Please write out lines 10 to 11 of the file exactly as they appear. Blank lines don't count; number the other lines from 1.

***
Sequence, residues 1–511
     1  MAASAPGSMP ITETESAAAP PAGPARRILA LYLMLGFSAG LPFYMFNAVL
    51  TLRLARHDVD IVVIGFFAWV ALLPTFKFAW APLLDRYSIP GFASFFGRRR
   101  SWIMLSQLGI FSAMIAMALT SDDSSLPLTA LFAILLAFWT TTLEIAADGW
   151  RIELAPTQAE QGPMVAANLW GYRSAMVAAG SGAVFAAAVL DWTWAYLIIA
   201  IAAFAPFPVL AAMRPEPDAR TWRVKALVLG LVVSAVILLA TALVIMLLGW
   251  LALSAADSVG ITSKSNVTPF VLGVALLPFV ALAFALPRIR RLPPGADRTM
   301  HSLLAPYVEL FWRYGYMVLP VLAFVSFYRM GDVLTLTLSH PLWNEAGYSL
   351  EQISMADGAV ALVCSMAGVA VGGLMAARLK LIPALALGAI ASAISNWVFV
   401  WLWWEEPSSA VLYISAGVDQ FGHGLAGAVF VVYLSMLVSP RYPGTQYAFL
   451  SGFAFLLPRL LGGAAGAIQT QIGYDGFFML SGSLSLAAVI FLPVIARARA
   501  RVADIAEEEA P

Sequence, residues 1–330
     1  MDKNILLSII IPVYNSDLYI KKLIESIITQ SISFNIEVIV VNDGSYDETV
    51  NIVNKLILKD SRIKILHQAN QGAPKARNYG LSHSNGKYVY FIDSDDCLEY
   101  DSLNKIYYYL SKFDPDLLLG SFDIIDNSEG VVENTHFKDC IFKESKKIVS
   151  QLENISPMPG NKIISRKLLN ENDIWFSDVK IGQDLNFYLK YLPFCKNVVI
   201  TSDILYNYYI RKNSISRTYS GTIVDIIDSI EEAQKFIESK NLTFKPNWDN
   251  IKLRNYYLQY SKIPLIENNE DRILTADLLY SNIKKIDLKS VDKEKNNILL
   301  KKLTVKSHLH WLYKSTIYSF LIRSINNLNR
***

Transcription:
   401  WLWWEEPSSA VLYISAGVDQ FGHGLAGAVF VVYLSMLVSP RYPGTQYAFL
   451  SGFAFLLPRL LGGAAGAIQT QIGYDGFFML SGSLSLAAVI FLPVIARARA